Symi Winter Greens

Pallas Athena, with her helmet, looks down from a rooftop in the harbour.

A Christmas wreath and an election pamphlet on a door on the Kali Strata.

Symi's old stone ruins become wild gardens in the winter.  This is a staircase on the Kali Strata.

Nicotiana growing in an entrance on the Kali Strata. That is another election pamphlet lying on the threshold.

Moss growing on the steps of the Kali Strata.

The wild cats seem to have found something of interest in this tree outside Agios Elefterios church in Chorio.

A fine figure of a cockerel in the Pedi valley.  Fences are no barrier to this fellow.

The first of the asphodels, ghostly pink flowers shimmering in the winter sun.  That is a fig tree to the right.

The wild cyclamens are also starting to flower.

The landmark oak in Lieni is rapidly losing its leaves now.

A fat cat not quite ready to face Monday morning.
We had a sunny weekend with heavy dew fall and misty mornings.  The anticipated rain is now forecast to reach us later in the week, With the national election coming up next week the pamphleteers have been busy and I followed a Hansel and Gretel trail of soggy electoral material all the way down to work this morning.  Those shops that are open have their televisions tuned to election debates and the conversations in the cafeneions are quite heated.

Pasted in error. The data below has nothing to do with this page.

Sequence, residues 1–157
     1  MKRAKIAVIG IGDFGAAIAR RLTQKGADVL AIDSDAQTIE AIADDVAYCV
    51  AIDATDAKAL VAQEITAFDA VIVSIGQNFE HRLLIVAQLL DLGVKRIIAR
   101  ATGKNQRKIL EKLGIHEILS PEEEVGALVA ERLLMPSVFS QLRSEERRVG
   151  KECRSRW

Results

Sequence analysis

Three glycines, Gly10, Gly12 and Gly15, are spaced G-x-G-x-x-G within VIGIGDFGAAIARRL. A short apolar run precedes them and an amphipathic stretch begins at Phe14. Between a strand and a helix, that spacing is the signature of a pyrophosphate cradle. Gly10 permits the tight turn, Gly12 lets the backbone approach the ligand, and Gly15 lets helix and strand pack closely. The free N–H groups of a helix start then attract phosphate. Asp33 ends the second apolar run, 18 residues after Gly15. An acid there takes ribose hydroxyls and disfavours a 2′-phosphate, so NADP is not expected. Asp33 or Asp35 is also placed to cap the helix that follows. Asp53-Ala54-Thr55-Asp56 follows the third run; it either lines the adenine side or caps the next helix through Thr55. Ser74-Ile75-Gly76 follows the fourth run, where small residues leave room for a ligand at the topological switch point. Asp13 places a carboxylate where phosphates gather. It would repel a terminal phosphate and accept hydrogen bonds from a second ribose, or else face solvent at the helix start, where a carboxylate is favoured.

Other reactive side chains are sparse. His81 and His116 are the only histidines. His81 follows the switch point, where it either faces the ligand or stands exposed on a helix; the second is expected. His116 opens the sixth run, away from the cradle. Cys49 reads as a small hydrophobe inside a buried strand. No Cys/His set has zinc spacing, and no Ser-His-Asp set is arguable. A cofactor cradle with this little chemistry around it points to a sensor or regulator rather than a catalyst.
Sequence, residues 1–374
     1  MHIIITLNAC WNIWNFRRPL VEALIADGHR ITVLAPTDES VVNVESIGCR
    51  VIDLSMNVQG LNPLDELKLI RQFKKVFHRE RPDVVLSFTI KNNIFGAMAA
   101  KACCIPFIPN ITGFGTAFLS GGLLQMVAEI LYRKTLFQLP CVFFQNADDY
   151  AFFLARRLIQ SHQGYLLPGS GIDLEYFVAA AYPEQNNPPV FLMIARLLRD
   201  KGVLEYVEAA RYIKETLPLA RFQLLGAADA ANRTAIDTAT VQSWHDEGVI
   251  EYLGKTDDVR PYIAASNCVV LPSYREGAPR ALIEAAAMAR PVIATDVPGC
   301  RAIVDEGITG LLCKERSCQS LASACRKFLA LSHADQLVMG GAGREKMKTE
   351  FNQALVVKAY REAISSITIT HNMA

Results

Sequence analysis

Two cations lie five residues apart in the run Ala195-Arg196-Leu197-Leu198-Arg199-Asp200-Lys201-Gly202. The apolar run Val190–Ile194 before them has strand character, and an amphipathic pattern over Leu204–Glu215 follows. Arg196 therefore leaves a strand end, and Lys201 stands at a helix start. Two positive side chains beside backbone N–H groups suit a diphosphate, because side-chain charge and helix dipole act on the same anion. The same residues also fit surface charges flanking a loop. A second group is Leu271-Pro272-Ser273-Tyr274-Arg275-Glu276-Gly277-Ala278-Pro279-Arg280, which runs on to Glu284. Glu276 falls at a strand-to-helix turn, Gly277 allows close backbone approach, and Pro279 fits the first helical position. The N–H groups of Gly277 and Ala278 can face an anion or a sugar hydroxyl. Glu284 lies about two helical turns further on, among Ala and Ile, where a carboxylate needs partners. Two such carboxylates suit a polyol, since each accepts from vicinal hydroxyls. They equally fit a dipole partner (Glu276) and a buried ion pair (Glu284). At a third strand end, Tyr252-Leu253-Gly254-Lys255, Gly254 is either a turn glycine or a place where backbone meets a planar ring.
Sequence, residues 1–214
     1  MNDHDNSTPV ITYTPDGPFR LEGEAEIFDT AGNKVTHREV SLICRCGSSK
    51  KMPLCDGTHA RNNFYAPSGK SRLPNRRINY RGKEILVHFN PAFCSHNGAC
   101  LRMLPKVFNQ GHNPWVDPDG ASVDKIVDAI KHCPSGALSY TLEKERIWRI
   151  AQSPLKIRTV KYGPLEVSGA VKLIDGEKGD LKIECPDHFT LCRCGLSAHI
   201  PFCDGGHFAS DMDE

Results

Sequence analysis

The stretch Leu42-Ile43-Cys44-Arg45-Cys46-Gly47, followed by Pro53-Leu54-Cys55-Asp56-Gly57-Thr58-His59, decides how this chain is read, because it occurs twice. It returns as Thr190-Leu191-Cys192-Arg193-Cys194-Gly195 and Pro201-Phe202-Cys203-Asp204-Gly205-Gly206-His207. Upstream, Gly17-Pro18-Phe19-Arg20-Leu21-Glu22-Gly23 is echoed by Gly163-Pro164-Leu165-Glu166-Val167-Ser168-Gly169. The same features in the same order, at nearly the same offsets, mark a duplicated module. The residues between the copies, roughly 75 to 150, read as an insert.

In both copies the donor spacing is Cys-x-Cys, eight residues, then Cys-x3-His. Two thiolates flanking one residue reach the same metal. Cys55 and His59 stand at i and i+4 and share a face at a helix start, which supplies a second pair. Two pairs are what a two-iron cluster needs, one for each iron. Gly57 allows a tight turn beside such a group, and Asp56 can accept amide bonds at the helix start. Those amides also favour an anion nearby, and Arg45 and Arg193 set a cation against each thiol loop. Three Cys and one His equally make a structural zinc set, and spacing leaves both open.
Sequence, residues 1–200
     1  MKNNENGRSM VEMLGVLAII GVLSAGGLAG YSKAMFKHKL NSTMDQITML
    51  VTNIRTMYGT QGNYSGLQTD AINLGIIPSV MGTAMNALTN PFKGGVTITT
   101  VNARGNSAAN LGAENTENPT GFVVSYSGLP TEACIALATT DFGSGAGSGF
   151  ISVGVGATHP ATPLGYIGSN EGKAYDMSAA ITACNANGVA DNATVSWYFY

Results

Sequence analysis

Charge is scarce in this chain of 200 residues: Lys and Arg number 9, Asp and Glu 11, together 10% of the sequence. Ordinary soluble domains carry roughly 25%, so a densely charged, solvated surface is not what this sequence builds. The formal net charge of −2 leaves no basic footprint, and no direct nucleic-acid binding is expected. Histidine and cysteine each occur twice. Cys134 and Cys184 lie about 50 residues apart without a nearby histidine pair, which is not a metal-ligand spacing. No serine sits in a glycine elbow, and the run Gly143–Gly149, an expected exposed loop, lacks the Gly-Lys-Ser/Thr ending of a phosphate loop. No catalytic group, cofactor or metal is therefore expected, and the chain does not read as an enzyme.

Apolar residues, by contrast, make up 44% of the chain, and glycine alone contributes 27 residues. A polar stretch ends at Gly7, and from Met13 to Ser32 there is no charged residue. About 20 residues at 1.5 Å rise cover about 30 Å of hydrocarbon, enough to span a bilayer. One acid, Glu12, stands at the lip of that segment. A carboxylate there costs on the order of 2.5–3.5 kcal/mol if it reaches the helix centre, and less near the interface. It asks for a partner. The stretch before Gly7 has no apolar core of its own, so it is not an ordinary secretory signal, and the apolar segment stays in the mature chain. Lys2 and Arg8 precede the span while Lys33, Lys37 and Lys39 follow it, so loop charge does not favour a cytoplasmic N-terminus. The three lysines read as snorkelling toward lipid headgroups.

The new wellness centre in Yialos is opening on Saturday - another facility to benefit locals and visitors alike.  Apparently yoga classes will be one of the options on offer.  I'll bring you more information when I have it.  We already have aerobics, zumba and pilates classes available on the island.

We are still working winter hours at the office so if you need to contact us, please email us rather than phoning as there may not be anyone around to answer your phone call whereas emails we can pick up wherever Wendy and I may be.

Have a good week.


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About this Blog

I sailed into Panormitis Bay, Symi, by chance one windy July day in 1993 and have been here ever since. The locals tell me that this is one of the miracles of St Michael of Panormitis. A BA graduate with majors in English, Philosophy and Classical Civilisation, the idea of living in what is to all intents and purposes an archaeological site appeals to me. Not as small as Kastellorizo, not as touristy as Rhodes, Symi is just the right size. I live on a small holding which my husband and I have reclaimed from a ruin of over-grazing and neglect and turned into a small oasis over the course of the past 22 years. I also work part-time for Symi Visitor Accommodation, helping independent travellers discover and enjoy Symi's simple pleasures for themselves.

This page is kindly sponsored by Wendy Wilcox, Symi Visitor Accommodation.

Adriana Shum

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